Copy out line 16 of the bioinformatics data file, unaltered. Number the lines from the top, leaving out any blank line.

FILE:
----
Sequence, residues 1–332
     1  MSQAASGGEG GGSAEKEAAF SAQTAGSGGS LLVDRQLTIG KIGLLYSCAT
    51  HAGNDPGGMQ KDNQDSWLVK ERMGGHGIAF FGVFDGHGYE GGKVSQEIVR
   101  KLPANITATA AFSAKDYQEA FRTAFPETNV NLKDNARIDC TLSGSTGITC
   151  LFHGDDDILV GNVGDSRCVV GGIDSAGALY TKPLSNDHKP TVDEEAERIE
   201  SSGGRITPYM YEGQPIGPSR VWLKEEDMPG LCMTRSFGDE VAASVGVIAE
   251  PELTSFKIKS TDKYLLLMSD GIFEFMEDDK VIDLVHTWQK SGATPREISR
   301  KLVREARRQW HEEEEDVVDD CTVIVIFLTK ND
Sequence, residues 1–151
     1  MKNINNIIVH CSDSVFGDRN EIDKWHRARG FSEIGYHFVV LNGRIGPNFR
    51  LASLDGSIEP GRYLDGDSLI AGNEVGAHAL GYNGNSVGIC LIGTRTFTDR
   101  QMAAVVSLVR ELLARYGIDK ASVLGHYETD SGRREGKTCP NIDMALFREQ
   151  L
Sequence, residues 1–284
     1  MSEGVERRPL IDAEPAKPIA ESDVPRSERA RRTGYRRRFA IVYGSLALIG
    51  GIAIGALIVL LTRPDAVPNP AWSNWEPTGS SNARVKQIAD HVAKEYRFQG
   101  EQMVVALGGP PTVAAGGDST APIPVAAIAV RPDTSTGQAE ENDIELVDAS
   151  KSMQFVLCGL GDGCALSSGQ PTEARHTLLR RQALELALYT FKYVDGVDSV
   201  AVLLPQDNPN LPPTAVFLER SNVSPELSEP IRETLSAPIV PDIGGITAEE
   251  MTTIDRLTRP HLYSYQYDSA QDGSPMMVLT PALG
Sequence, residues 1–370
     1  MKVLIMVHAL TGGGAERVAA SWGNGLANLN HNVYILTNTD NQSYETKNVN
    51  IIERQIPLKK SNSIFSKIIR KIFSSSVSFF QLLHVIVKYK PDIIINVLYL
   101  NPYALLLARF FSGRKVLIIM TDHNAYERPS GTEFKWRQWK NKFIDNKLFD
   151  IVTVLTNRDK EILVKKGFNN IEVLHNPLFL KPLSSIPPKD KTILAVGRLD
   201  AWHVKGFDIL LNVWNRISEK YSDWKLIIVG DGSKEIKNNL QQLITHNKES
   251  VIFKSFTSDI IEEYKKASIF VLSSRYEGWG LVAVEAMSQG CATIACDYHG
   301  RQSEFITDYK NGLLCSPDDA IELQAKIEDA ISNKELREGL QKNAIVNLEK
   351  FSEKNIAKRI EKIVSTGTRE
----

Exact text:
    51  GIAIGALIVL LTRPDAVPNP AWSNWEPTGS SNARVKQIAD HVAKEYRFQG